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Essential Tremors

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Essential Tremor (ET) is not a life-threatening disease. It is sometimes called benign essential tremor for that reason, but it can be a life-altering condition. People with ET often report changes to their lives because of the disease. Many activities might be disabled as a result of the tremors.Quality of life may be significantly affected.

Embarrassment is a major problem because people stop eating in restaurants, going to social or family functions, shopping and pursuing hobbies alone or with friends. The resulting isolation may cause problems and strain family relationships.

Some people with ET no longer drive—which can be a severe hardship in the United Sates. People with ET may be forced to leave their jobs if the tremors disable them or they may not accept promotions that would entail more personal contact.


ET’s effects extend to the most ordinary daily tasks. With ET, disabling tremors, make even the simplest tasks become daily struggles and if this happens then treatment is merited.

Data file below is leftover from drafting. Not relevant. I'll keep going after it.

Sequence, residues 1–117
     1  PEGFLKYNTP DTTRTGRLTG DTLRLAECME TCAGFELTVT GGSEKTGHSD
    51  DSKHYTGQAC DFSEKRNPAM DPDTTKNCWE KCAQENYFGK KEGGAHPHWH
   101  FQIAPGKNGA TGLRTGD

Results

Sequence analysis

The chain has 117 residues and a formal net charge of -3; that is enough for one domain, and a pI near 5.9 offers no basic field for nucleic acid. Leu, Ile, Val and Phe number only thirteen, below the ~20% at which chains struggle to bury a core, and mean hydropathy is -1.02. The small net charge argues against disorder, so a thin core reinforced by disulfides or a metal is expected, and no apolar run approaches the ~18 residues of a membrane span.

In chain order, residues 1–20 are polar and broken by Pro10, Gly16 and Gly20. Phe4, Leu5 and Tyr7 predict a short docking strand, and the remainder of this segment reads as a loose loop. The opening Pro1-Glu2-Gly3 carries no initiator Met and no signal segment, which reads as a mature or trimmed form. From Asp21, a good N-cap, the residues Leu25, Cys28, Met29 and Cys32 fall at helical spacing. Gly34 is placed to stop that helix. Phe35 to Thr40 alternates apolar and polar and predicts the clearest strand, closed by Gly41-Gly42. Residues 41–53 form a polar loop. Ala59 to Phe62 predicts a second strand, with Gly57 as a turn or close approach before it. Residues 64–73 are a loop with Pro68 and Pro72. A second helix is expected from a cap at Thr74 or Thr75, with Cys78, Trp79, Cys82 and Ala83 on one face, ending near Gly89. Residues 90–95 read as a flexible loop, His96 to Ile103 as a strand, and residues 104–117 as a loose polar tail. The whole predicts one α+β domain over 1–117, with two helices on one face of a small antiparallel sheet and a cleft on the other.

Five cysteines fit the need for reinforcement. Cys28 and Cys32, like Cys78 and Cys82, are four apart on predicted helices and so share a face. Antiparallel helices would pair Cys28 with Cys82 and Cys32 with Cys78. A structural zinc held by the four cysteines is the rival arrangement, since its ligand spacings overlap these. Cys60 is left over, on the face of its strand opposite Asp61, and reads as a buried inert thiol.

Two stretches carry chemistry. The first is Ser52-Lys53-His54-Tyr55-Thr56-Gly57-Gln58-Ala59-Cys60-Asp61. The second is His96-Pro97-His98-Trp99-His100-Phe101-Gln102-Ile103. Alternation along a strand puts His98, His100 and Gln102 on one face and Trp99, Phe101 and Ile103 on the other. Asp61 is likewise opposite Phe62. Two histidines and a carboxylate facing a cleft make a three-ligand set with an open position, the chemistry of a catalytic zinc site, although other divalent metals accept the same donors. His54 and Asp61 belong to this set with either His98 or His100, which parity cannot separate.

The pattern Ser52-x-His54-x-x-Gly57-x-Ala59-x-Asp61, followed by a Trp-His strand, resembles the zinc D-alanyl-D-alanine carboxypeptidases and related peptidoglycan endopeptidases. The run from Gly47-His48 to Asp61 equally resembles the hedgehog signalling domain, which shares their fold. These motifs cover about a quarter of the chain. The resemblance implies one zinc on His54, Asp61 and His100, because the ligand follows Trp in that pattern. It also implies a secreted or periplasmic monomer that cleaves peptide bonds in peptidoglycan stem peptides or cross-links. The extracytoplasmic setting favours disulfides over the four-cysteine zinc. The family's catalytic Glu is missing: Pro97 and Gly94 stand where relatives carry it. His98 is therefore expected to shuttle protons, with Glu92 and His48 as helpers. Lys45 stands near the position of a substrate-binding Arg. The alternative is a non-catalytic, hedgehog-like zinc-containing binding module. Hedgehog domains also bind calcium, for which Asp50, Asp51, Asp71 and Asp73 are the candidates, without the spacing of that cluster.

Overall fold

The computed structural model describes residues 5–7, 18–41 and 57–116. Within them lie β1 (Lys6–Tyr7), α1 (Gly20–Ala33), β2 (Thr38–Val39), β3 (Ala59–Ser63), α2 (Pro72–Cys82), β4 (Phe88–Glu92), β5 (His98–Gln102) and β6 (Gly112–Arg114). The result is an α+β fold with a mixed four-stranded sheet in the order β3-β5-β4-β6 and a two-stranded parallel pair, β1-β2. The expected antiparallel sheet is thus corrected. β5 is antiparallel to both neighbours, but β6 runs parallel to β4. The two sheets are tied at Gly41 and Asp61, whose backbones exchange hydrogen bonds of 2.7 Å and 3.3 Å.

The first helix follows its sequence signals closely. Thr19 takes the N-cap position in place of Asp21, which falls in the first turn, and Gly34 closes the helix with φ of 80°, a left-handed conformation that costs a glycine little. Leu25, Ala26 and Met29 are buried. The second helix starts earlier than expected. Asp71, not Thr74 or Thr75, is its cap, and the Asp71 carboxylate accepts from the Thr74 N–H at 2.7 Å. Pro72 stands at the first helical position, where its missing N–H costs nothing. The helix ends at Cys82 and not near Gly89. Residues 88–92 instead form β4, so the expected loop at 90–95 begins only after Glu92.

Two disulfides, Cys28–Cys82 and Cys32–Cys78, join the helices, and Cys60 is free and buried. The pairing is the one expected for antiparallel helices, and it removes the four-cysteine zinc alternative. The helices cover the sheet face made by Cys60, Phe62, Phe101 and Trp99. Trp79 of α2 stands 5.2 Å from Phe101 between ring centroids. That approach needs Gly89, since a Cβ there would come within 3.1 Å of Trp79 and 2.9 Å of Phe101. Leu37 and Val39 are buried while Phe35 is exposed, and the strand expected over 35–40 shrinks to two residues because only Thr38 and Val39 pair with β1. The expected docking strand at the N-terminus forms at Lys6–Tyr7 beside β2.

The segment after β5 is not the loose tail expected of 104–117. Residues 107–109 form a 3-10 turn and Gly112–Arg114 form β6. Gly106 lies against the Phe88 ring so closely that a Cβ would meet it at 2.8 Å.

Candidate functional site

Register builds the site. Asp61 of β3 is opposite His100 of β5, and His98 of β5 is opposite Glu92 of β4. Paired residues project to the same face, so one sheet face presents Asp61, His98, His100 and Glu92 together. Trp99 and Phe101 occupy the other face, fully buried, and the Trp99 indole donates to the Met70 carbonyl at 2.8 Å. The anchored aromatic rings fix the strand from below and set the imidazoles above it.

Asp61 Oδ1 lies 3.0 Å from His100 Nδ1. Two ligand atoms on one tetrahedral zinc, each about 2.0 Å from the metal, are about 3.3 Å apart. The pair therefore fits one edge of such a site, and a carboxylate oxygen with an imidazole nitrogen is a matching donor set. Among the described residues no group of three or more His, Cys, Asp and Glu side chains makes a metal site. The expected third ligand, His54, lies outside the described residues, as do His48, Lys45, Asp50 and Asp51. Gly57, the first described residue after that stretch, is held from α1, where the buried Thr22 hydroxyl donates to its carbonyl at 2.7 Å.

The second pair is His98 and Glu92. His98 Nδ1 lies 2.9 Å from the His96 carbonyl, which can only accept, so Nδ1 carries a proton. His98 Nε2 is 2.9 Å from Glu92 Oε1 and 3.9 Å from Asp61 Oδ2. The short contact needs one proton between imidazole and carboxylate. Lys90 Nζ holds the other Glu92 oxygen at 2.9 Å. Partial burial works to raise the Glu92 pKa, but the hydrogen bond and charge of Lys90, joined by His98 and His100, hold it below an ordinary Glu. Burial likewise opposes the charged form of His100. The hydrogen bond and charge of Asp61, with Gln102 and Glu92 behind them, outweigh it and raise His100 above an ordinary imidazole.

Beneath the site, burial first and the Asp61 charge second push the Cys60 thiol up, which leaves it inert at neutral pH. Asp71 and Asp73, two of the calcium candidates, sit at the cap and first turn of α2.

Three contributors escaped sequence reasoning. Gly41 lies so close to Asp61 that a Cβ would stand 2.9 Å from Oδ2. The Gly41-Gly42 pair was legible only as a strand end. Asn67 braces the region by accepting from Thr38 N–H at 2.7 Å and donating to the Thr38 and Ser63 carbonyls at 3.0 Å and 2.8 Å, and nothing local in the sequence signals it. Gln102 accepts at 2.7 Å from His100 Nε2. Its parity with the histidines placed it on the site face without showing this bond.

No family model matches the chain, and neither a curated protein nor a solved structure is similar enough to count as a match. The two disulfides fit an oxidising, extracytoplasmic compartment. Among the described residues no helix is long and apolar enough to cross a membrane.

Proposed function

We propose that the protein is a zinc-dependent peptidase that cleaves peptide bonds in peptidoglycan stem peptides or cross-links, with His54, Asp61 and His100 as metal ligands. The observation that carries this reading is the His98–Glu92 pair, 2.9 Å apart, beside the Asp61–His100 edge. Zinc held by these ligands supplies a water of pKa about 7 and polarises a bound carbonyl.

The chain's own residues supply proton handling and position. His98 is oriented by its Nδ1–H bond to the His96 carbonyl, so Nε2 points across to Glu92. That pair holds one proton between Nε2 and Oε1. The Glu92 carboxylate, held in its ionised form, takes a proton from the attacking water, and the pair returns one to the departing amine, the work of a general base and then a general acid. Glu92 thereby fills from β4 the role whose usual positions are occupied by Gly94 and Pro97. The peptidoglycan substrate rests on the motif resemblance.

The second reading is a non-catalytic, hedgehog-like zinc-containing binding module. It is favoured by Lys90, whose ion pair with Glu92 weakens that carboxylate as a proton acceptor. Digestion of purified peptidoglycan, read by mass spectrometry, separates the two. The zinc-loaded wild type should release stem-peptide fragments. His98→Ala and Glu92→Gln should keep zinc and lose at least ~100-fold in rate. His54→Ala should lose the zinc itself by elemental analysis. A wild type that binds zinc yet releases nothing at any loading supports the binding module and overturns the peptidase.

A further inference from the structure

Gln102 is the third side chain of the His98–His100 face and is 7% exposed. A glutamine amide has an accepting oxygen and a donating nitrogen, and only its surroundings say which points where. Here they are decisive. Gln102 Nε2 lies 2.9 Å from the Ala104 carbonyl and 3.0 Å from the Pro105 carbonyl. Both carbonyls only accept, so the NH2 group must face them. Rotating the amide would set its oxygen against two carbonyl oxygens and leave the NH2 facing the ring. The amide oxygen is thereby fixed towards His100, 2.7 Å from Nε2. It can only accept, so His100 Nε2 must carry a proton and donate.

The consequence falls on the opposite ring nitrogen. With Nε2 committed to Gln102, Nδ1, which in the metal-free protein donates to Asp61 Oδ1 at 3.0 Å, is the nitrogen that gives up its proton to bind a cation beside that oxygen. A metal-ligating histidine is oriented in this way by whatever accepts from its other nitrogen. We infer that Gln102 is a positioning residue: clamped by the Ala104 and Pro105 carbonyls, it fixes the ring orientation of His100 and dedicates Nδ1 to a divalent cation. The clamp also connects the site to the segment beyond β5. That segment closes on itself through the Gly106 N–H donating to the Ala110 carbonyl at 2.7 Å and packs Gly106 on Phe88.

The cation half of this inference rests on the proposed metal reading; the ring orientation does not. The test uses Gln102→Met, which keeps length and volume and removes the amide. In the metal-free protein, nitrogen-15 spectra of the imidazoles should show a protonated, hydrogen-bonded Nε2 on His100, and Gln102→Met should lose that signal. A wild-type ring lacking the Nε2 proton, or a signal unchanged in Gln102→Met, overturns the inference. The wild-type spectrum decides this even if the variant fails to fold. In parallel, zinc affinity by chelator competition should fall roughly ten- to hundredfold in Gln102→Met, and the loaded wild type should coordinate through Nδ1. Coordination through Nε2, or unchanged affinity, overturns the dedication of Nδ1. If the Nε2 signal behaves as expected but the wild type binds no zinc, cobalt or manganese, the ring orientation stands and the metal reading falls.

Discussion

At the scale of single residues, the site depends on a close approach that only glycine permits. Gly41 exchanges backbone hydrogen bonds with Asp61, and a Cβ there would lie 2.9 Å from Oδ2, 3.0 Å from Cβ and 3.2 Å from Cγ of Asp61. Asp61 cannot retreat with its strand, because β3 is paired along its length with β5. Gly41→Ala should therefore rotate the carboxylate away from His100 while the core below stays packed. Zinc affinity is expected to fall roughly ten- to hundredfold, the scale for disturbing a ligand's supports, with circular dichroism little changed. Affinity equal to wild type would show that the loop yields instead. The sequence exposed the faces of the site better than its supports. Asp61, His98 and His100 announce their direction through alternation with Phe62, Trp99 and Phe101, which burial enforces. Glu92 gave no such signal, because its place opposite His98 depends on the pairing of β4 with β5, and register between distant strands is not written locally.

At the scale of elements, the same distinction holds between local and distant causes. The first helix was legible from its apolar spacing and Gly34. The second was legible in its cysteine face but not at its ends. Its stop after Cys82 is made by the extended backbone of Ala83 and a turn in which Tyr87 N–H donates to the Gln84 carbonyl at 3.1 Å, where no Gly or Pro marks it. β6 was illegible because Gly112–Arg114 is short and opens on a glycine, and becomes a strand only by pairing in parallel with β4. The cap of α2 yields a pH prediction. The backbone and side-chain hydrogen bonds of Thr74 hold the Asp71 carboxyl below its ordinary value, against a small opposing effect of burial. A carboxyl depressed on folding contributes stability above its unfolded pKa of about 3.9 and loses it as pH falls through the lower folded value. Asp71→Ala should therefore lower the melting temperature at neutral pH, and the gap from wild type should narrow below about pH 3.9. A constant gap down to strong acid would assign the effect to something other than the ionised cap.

The two medications that are prescribed most commonly for control of ET symptoms are beta-blockers: propranolol (Inderal) and antiepileptic/anticonvulsants: primidone (Mysoline).

For more severe cases, surgery, such as Deep Brain Stimulation (DBS), is extremely successful and can return the patient to a tremendously improved quality of life.has proven successful.

Minor cases of ET can be treated with physical therapy and development of the muscles in the sections of the body that are severe in their shaking affected areas.

Accepted Insurances

Note: Health plans that are currently contracted with UHealth are listed below. However, please check with your insurance provider to verify that UHealth is part of your provider network.